Alternative Assets: the wolves of Bishop Boulevard

By Lucy Brock

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Only students within the Alternative Asset Center can earn this esteemed white hat. Photo credit: Lucy Brock

Among the rows of computer screens and Bloomberg terminals in the Kitt Investing and Trading Center in the Edwin L. Cox School of Business, meets a class of elite finance students who wear white hats.

These hats are like the Olympic gold medals of Cox. They belong only to students in the Alternative Assets Management program. Simply nicknamed “Alts”, it is arguably the least-known but most selective program at SMU.

Alts is an exclusive two-semester class for finance students pursuing careers in private equity, investment banking and hedge funds. Students take the first class in the spring of their junior year and the second class in the fall of their senior year.

“It’s very competitive,” said Alts academic director William Maxwell. “It is the most intense class most of these students will ever take, but it can also be fun if they are willing to put in the work.”

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Image credit: The Daily Campus

The program varies in size from year to year, and there are 51 current Alts students set to graduate in May 2017. In the new Alts class, 48 students were selected out of the 105 who applied. Of the 32 Alts students who graduated in May, about 24 are now in investment banking.

Business students are selected for Alts after an application process, technical interview and peer reviews. Factors such as GPA, campus involvement, internships and work ethic are taken into consideration by Maxwell and his colleagues in the selection process. The average GPA of the new Alts class is a 3.86.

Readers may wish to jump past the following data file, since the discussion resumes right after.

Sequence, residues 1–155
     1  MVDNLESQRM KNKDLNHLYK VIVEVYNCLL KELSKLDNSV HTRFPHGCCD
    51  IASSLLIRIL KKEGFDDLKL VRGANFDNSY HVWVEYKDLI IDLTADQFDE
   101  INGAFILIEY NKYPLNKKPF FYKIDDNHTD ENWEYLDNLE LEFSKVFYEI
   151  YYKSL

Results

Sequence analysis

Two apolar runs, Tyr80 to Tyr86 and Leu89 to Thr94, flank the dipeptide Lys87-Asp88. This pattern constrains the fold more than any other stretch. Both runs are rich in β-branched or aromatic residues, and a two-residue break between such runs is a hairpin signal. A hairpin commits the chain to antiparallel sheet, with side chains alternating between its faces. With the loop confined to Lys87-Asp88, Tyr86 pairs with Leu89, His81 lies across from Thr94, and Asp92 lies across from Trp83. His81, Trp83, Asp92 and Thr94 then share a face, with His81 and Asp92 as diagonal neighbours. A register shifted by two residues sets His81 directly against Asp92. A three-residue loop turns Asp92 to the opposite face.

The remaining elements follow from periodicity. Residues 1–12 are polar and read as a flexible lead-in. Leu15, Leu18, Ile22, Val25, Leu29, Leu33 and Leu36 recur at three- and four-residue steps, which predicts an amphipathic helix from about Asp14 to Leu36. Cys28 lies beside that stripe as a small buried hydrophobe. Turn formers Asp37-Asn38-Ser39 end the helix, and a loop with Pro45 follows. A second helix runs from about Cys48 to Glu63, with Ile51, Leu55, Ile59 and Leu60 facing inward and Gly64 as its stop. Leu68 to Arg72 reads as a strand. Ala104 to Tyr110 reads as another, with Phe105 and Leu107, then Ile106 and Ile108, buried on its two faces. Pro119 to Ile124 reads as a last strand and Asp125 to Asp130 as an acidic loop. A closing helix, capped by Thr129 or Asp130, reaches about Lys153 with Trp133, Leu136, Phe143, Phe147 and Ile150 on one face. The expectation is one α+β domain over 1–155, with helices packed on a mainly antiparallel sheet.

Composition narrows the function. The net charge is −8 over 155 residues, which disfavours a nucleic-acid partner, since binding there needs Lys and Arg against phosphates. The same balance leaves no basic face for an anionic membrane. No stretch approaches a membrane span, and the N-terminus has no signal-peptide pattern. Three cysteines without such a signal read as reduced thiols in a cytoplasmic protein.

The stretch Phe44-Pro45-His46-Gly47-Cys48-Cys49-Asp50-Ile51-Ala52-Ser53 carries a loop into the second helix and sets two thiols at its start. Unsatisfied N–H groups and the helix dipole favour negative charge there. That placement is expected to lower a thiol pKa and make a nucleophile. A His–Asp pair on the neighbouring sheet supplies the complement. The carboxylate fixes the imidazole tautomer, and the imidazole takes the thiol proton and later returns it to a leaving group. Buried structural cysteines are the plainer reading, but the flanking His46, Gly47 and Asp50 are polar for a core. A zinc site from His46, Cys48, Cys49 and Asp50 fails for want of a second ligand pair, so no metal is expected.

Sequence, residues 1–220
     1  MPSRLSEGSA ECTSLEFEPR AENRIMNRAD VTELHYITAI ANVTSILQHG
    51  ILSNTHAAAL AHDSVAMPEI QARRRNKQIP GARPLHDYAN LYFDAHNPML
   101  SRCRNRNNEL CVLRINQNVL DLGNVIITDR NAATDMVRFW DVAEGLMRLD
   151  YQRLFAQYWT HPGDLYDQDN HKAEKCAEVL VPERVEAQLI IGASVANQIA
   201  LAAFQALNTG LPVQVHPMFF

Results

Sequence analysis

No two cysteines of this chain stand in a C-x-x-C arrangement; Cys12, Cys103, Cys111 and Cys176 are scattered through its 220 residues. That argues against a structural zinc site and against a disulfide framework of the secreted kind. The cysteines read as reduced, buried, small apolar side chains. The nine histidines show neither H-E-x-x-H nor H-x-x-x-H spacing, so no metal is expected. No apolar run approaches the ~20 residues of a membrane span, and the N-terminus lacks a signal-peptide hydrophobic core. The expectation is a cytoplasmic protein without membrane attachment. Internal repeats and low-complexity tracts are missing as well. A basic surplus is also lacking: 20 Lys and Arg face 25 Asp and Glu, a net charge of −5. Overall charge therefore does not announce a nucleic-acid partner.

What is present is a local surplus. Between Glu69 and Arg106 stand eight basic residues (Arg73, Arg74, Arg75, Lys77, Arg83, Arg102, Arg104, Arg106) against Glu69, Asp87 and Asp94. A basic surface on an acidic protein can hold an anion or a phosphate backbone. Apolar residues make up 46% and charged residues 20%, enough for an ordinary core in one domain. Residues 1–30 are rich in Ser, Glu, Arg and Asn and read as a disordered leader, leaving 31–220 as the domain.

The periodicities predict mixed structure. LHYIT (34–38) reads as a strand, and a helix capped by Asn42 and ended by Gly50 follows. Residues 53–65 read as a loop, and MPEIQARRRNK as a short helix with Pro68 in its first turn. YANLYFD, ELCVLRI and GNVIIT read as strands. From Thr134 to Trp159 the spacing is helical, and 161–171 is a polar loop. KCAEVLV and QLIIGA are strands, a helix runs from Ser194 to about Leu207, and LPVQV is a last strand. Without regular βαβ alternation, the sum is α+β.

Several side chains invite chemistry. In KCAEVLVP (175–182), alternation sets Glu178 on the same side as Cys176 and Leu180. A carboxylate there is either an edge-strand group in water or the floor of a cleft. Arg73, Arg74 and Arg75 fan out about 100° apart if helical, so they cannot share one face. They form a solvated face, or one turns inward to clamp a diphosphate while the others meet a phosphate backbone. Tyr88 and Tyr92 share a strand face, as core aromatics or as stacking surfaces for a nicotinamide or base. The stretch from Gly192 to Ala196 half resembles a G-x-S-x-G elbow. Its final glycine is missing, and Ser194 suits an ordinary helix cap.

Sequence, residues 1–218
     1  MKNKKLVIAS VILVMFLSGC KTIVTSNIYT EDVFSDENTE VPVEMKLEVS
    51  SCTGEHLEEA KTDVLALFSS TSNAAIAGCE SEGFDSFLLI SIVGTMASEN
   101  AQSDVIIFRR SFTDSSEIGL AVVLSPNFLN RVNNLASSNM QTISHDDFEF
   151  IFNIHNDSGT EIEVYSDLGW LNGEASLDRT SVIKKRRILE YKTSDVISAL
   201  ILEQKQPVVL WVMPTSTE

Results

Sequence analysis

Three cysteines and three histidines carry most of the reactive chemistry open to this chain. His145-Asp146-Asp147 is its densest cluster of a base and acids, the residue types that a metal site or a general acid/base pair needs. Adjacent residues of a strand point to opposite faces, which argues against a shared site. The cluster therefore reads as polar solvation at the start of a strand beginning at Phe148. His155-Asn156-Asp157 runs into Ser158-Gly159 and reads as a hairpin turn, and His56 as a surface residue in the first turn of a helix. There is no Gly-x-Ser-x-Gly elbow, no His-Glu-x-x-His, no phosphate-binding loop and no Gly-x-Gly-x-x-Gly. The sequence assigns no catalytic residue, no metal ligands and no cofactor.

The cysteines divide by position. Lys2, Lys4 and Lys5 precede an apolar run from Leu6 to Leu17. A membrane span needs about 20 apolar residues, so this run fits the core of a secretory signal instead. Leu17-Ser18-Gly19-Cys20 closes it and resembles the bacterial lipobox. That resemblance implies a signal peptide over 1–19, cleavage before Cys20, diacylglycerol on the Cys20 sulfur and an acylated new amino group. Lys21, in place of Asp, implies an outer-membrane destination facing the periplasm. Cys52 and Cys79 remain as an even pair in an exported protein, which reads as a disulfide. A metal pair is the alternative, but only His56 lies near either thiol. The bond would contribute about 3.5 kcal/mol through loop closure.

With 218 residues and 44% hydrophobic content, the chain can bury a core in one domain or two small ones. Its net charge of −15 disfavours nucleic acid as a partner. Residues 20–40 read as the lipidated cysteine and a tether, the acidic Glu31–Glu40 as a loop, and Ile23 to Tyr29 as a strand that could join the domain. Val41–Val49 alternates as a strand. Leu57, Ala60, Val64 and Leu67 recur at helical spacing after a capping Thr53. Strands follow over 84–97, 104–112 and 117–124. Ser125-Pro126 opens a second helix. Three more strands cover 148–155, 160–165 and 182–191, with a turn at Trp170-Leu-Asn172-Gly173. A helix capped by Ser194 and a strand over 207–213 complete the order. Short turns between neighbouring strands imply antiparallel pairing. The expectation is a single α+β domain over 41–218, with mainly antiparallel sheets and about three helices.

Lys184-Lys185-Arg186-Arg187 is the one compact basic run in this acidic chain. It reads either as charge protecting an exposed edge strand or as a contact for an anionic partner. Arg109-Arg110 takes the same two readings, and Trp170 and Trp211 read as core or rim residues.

“We take a holistic look at each applicant,” Maxwell said. “We want students who can work hard and collaborate with others.”

Students put their knowledge to work and take on assignments that analysts complete in the real world, like Harvard Business School case studies and fairness opinions. Students must earn at least an A- in the spring to be invited to take second semester of the course.

“The interview preparation, networking, and skills learned in the case-based class helped me tackle my banking internship,” said Jaime O’Donnell, who graduated in May 2016 and now works for Goldman Sachs in Dallas. “The second half of the course focuses on hedge fund investing strategies to round out our finance education.”

Maxwell takes a tough-love approach to teaching the Alts students. At the beginning of the spring semester, he sends an intimidating email, telling students that they are about to become “fire-breathing finance dragons”.

“The program consists of an extensive amount of work,” said Shawn O’Malley, an Alts student who will graduate in May 2017 and work for UBS in New York. “But it’s all relative once you start investment banking.”

And Maxwell’s students agree that the hard work pays off in the end, and they are better prepared for their jobs because of it.

“Maxwell pushes us to extreme lengths because he wants us to be the best students and employees possible,” O’Donnell said. “He gives us the tools to be successful.”

Once students make it through the interviews and are selected to participate in Alts, they are given the renowned white hat. While white hats with the mustang logo can be purchased by anyone, only Alts students have a hat with the Cox logo on one side and the Alternative Assets title on the other.

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